Whether you’re cleaning out your parents’ attic or wading through your own years of possessions, it can be tough to know whether you’re handling priceless antiques or just old stuff. How do you know what to keep and what to toss?
While there are many factors that go into determining a vintage item’s worth, overall quality and current condition affect the value of any item. Quality refers to how well a piece was constructed. Something handmade usually has more value than the same item built in a factory. Condition refers to how it’s been treated since it was made. Your well-loved childhood G.I. Joe doll won’t fetch as much as one still in its original packaging.
Next consider its rarity and the current demand. The fewer available, the more value an item will have. Demand, however, can be a bitter pill. Just because something appraises for hundreds of dollars doesn’t necessarily mean you’ll find a seller willing to pay that. The appraised value of an item represents its replacement value. Like fashion, antiques and collectibles come and go in popularity.
There is so much research you can do online. Just type the name of the item you’re investigating into a search engine, along with any identifying markings like the craftsman’s name or the year it was made. Websites like Craigslist and eBay are also great resources, especially for determining price and desirability.
Remember that just because a book is old—or even a first edition—it is not necessarily valuable. Books that are considered classics or have cultural significance are more likely to be worth something. Books should be in their original dust jackets, and in pristine condition. A good used bookstore or your local library will likely be able to help you locate the name of a reputable dealer.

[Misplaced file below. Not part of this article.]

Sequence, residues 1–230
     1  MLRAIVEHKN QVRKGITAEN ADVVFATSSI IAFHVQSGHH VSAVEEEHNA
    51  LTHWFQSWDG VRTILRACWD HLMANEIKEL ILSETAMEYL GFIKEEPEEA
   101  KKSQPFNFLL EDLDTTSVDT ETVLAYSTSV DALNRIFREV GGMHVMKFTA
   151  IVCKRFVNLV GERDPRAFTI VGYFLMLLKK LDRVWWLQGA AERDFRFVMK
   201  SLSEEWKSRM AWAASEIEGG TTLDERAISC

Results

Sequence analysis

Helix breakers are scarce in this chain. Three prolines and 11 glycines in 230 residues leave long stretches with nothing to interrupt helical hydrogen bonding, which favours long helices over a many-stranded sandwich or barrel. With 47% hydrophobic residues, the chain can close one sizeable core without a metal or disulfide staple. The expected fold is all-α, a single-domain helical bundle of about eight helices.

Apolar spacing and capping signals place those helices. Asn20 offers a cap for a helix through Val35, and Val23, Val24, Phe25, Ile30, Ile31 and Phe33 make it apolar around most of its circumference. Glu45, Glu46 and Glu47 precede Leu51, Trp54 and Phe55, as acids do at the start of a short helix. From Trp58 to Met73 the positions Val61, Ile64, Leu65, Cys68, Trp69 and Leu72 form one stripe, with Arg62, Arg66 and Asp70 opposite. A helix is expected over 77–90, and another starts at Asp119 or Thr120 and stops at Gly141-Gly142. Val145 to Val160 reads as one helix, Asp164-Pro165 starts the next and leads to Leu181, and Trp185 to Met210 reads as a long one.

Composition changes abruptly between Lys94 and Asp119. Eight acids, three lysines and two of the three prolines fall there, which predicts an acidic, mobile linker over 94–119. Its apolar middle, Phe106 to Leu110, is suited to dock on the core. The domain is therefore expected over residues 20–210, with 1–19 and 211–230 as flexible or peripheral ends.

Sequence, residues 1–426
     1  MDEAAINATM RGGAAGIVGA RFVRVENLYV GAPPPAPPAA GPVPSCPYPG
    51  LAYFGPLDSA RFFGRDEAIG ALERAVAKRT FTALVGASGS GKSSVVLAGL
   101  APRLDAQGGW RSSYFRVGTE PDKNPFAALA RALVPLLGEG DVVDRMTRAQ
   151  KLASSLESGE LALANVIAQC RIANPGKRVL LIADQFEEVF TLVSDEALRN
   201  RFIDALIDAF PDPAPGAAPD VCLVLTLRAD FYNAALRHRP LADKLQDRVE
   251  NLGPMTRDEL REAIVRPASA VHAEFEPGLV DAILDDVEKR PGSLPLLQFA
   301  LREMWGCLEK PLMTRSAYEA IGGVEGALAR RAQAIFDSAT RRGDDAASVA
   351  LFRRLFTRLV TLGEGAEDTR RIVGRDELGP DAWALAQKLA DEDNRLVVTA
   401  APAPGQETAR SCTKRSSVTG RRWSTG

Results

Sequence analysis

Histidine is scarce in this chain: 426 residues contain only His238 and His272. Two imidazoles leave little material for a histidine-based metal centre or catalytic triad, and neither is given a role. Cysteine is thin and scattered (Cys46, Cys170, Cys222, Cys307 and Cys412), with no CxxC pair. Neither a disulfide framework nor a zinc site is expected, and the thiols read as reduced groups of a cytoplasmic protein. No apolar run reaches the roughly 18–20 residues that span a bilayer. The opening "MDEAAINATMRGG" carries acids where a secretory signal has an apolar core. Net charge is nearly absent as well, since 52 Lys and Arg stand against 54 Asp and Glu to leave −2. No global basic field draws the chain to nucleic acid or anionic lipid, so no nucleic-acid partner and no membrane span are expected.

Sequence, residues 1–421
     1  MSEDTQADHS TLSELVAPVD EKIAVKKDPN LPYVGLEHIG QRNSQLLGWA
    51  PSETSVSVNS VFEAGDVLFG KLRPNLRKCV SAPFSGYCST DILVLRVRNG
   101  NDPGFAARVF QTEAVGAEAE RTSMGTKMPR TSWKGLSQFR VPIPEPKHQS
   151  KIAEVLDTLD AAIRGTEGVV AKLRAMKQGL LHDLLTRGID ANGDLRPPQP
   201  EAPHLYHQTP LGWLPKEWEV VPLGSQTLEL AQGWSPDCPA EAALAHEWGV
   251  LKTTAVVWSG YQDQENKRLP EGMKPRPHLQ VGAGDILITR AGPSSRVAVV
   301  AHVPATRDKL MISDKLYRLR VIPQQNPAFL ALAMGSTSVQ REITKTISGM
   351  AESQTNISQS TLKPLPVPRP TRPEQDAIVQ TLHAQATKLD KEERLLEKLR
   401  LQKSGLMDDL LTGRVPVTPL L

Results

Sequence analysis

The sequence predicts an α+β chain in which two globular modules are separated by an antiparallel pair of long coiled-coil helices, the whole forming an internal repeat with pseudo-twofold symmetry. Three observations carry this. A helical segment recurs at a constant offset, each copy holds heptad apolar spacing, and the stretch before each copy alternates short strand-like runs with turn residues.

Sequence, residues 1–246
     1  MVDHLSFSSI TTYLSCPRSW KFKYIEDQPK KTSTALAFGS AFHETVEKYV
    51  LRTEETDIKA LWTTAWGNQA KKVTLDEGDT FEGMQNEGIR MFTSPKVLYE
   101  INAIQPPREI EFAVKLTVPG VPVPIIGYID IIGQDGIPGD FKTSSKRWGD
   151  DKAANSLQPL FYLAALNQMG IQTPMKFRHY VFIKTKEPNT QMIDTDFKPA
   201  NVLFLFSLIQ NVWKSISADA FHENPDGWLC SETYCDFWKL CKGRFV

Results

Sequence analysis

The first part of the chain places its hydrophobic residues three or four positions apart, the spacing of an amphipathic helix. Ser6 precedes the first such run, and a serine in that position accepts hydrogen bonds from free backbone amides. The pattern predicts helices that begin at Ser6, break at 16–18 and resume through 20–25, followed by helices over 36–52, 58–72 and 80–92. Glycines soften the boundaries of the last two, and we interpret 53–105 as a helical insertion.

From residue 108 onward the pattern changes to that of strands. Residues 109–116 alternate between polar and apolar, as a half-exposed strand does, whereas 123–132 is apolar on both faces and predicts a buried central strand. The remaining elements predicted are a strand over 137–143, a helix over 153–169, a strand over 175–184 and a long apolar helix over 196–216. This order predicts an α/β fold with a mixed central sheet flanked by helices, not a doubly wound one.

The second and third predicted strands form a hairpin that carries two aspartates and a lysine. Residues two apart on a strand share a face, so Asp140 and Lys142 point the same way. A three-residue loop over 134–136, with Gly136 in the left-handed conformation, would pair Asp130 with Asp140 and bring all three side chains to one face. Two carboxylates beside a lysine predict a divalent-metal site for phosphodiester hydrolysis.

The value of a coin is determined by a number of factors, including the date it was made, the denomination, the value of the metal, its scarcity and its current condition. Proof specimens, coins with errors and coins that have never been circulated are most likely to be worth more than their face value.
Furniture that is well-built, practical and sized to fit in modern homes is worth more than very specialized, oversized pieces. Visit consignment stores and antique shops to get a feel for some of the characteristics common in desirable furniture, as well as a basis for what a piece might be worth. Finding similar items for sale on Craigslist or eBay will also help you determine current demand and asking price.
Just because you don’t have any diamond tiaras to offload doesn’t mean your old jewelry is worthless. The right costume jewelry can be more valuable than real jewels. Look for a signature or some other markings that can help you determine the maker, then type that information in to a search engine to figure out what you’ve got.
China and crystal
This is where a magnifying glass can be helpful. Look for an artist’s signature or other identifying mark on the base of stemware. Many china patterns have a stamp on the back of the dinner plates that will give you a lot of information including the maker, pattern name and where it was made. Once you know what you have, it’s easy to determine current value.
Unfortunately, the value of your old record albums is probably more sentimental than monetary. Even with more desirable records, defects such as scratches or warps on the vinyl itself or any rips, tears or stains on the album cover or sleeve will have a big effect on value.
While there are rare exceptions, most figurines and stuffed toys made to be collectible don’t have much resale value. Build a collection because you like it, not as an investment. Some formerly popular collectibles that have lost value in recent years include Hummel, Lladro and Precious Moments figurines, Thomas Kinkaid prints and Hess toy trucks.
Even if you decide to hold on to your treasures, it makes sense to know what you have and what it’s worth—and be sure your homeowners policy offers appropriate insurance coverage. Happy hunting!
Affiliated with the American Library Association, this site has questions to help you determine the rarity and importance of your old books.
A Guidebook of United States Coins by R.S. Yeoman and Kenneth Bressett
Also called The Redbook, this publication is updated annually and lists American coins dating back to the Colonial era.
Did you know that the world’s largest collection of dinnerware is in Greensboro? Replacements, Ltd. specializes in buying and selling china, stoneware, crystal, glassware, silver, stainless and collectibles. The website is a wealth of information on all things collectible.